Kosmiche Country from Sheffield.
Bobby Lee’s third album finds this Sheffield based musician diving further into the outmost reaches of cosmic Americana music, taking on the fledgling tag of ambient Americana and just about shredding it on the nine instrumentals on display here.
Lee might cite the likes of J.J. Cale and Ry Cooder as inspiration (and there’s certainly an element of Cooder’s soundtrack work to be heard in the eight minutes of ‘Thunder Travelling To Loftier Mountain Heights’) but his psychedelic concoctions also contain liberal doses of krautrock (allowing for a rare joke to be read in the accompanying PR blurb which calls it Kosmiche Country or Neu Riders of The Purple Sage, if you will) along with glimpses of the Saharan blues rock of Tiniwaren. It’s a heady mix.
When it works it’s quite excellent. The opening track, ‘Reds For A Blue Planet’ conjures up torrid desert heat- the American south west meeting Saharan Africa by way of Mars – but it’s eclipsed by the following epic,’ Impregnated By Drops Of Rainbow’ which is powered by the Teutonic percussion (by Mojave 3’s Ian McCutcheon) while glistening pedal steel from Joe Harvey-Whyte duels with Lee’s guitars. ‘Folsom Point Blues’, the closing track is perhaps the most ambient number here, again reminding one of Cooder along with a nod to Brian Eno’s ‘Apollo: Atmospheres & Soundtracks’.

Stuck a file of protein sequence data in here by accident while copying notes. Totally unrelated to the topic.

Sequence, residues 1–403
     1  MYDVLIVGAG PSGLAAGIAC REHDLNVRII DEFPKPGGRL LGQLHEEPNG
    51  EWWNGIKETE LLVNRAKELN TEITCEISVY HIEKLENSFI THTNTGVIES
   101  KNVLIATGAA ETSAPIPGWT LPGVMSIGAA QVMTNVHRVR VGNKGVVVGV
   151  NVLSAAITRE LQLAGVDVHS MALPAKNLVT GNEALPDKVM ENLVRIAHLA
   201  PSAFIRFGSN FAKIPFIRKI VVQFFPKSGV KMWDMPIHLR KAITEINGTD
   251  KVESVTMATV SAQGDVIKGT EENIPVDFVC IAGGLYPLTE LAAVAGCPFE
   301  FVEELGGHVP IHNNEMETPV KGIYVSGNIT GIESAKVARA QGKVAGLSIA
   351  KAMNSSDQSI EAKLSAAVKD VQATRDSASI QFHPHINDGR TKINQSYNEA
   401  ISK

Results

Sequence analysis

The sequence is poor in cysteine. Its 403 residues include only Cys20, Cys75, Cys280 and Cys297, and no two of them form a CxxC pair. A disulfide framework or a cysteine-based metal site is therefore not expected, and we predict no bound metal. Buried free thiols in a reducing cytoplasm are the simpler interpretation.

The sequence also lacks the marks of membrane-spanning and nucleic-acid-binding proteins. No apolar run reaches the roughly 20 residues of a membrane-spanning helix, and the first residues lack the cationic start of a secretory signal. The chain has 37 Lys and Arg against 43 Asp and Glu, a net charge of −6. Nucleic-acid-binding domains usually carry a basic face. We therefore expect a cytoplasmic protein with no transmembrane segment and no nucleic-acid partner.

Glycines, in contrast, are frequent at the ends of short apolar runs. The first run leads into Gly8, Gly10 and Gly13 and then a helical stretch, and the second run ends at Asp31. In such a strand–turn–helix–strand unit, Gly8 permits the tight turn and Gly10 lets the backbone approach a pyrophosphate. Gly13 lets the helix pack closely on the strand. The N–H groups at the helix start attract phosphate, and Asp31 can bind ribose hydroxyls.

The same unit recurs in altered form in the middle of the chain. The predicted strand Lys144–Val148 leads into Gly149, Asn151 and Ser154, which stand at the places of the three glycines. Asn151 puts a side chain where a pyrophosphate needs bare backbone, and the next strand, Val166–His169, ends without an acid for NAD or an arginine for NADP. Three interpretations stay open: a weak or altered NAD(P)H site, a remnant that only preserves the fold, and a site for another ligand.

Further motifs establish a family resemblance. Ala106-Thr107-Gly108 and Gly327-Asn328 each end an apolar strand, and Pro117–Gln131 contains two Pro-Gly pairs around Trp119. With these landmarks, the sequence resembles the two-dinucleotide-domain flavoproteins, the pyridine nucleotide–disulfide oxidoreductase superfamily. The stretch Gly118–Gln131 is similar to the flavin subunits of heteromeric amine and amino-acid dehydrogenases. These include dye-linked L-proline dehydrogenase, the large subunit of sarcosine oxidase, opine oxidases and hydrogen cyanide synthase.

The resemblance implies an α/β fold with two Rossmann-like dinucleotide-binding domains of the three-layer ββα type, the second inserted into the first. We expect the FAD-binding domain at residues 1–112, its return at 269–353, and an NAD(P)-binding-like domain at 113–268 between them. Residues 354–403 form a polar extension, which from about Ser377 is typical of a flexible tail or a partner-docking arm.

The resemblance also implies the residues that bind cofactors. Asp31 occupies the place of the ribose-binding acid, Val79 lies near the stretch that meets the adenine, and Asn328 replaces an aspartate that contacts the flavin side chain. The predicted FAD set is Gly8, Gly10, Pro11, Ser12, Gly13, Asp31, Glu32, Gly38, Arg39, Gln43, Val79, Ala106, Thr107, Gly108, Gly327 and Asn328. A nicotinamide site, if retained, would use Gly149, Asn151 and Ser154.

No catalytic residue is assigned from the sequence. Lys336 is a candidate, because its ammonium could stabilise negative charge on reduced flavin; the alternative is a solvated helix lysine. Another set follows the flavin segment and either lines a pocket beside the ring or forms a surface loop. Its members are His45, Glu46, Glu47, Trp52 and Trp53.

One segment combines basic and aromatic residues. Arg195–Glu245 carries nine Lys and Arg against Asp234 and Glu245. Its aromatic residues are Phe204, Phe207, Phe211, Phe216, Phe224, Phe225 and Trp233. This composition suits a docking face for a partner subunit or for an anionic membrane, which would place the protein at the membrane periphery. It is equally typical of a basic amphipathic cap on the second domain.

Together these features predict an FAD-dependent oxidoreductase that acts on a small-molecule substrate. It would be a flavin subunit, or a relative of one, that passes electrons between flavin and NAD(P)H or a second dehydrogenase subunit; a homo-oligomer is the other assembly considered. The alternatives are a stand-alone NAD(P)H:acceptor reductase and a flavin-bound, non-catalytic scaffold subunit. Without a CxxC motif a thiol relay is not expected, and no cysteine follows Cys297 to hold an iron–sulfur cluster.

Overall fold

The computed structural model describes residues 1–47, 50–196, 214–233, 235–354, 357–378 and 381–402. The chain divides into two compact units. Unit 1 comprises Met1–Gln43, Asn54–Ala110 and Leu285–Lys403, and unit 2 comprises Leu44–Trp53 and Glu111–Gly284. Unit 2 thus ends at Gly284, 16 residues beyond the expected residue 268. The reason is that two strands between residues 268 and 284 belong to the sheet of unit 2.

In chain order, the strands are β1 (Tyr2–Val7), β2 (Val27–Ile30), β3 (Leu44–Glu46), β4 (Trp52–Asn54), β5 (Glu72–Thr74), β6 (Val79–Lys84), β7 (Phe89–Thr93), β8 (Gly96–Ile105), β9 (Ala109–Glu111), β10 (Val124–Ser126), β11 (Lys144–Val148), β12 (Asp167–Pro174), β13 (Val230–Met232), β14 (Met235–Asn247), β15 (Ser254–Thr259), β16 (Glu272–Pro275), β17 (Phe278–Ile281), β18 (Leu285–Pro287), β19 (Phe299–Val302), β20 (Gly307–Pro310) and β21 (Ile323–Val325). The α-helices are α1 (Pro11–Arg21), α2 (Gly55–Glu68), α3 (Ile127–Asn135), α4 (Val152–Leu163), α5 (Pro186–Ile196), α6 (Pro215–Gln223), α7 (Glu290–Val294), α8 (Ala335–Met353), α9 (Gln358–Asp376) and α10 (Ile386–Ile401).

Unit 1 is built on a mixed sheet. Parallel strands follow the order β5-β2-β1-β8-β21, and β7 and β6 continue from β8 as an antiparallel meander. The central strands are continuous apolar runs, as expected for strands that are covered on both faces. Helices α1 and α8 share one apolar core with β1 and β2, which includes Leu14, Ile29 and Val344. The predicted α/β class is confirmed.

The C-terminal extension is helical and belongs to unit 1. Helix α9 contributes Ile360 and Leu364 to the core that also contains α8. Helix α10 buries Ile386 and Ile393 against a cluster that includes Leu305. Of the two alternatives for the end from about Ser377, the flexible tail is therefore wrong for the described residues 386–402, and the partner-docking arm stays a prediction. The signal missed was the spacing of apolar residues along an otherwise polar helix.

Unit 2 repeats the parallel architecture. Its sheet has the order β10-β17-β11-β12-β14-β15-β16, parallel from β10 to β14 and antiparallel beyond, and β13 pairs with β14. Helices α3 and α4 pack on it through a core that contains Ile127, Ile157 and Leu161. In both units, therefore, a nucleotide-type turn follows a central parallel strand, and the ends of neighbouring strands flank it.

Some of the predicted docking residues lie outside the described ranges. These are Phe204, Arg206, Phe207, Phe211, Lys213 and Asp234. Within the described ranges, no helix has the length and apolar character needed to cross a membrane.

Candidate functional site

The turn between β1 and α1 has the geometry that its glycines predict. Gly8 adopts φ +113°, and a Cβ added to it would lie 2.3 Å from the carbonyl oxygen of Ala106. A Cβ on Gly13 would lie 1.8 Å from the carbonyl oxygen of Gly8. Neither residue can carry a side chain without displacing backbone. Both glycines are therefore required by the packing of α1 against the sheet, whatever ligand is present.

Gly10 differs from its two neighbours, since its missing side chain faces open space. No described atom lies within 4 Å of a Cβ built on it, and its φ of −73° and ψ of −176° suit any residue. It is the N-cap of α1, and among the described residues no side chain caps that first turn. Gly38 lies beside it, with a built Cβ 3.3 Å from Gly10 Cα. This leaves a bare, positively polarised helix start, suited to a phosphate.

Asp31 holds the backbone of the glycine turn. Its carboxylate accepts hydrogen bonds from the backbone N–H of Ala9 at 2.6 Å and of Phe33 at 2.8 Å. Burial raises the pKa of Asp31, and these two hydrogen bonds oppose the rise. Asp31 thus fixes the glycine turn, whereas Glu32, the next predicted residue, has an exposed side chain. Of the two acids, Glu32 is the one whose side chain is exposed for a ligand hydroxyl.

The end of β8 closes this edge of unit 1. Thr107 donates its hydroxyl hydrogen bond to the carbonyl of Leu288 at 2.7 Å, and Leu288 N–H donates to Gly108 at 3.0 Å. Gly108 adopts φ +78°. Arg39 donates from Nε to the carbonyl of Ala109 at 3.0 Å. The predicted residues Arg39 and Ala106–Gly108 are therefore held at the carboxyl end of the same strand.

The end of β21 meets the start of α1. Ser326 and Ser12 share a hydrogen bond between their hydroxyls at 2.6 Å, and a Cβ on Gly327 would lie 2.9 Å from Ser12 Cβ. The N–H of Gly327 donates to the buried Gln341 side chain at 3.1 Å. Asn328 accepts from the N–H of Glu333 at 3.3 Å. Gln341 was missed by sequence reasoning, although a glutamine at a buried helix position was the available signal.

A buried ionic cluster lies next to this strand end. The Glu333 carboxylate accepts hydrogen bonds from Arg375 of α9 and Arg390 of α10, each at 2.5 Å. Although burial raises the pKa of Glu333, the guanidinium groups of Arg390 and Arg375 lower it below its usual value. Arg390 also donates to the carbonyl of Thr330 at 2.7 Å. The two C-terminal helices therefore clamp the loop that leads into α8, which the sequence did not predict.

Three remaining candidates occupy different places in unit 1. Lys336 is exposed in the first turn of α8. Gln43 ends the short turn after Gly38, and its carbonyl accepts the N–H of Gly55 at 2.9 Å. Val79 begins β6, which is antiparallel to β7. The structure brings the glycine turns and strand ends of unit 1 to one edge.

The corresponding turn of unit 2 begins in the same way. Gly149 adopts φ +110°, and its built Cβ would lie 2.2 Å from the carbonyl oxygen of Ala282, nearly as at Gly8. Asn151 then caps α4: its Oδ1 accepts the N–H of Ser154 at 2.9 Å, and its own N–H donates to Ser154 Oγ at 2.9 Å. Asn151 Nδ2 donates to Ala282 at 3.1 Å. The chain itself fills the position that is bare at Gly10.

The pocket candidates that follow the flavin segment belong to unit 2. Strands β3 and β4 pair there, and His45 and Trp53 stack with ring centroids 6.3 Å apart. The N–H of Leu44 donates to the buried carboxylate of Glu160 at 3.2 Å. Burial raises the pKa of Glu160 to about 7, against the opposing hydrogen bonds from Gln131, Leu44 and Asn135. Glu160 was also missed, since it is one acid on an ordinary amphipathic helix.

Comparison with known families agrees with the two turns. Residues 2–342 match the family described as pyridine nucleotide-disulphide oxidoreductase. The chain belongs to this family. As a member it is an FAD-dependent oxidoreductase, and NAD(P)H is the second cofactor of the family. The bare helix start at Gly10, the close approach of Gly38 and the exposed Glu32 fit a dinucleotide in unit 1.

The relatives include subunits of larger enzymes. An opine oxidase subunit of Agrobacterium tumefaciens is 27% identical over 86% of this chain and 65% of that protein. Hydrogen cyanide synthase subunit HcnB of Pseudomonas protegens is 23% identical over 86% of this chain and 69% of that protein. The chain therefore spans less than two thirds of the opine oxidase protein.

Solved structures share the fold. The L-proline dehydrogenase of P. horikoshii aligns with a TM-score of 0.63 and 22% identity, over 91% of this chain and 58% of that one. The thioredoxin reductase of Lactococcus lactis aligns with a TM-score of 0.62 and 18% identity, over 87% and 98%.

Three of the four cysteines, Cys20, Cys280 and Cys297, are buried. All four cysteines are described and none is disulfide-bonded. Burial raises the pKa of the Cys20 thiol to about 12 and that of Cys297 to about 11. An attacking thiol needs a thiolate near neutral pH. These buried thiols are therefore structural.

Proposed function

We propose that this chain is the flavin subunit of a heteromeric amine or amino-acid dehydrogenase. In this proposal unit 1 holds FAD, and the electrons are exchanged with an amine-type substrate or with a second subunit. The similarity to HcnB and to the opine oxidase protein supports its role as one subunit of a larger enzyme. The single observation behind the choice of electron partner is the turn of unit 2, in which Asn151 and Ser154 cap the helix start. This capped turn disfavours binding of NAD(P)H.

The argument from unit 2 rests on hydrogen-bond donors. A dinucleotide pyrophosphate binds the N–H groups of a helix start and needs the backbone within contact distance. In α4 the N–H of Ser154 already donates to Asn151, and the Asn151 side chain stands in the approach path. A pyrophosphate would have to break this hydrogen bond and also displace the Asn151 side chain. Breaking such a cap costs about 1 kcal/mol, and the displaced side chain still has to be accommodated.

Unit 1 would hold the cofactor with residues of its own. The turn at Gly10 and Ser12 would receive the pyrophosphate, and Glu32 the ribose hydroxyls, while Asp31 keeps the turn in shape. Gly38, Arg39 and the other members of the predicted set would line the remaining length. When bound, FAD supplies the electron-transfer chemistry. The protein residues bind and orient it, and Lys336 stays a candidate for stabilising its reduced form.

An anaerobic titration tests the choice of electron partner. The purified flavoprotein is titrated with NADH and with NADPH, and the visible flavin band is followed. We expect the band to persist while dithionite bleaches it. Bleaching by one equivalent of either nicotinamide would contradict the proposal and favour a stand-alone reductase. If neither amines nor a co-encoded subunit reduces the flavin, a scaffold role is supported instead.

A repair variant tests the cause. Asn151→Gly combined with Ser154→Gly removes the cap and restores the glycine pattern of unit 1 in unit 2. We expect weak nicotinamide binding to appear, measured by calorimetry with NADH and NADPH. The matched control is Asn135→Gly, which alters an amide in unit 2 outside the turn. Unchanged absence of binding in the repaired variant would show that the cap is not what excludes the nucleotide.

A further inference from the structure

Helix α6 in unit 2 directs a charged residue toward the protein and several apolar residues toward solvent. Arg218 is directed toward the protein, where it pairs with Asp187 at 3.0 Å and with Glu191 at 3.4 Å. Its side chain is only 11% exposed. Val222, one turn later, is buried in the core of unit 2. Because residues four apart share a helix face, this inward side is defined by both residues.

Elsewhere, Lee is less sure-footed. ‘The HR Manager’s Beautiful Daughter’ (possibly a jokey allusion to The Incredible String Band’s ‘The Hangman’s Beautiful Daughter’) has a repetitive Celtic sounding riff which John Martyn did far better many moons ago. ‘Acid Grassland’ meanwhile has a hokey clip clop rhythm which might be meant to evoke Morricone but is soon lost amidst the layers and layers of guitars laid upon the track. That said, ‘Gnostic Loners’, the second last track, is back to the earlier standards of the record as it drifts quite wonderfully over its six and a half minutes. Close your eyes and think of drifting over the Grand Canyon, borne aloft by the warmth it generates.